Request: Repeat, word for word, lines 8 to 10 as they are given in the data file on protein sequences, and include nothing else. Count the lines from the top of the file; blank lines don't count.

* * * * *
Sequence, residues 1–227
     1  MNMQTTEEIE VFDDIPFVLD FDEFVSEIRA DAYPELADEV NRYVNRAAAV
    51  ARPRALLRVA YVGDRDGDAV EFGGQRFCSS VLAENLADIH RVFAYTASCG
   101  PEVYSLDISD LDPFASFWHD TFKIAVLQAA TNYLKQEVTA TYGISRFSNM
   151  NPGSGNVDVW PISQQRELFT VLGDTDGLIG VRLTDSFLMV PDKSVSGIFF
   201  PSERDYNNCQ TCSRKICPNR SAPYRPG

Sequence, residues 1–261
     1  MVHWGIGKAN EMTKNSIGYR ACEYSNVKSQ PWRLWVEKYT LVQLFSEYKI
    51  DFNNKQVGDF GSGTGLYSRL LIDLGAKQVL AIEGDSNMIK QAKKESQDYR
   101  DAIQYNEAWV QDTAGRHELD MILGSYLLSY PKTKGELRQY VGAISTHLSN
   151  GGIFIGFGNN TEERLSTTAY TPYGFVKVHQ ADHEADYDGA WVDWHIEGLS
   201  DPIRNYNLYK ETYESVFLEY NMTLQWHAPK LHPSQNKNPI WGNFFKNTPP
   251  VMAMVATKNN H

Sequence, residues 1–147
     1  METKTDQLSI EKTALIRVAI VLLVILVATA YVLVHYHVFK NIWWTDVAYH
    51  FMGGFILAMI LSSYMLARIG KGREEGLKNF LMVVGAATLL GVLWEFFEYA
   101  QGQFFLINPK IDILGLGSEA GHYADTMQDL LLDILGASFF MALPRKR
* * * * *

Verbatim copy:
     1  MVHWGIGKAN EMTKNSIGYR ACEYSNVKSQ PWRLWVEKYT LVQLFSEYKI
    51  DFNNKQVGDF GSGTGLYSRL LIDLGAKQVL AIEGDSNMIK QAKKESQDYR
   101  DAIQYNEAWV QDTAGRHELD MILGSYLLSY PKTKGELRQY VGAISTHLSN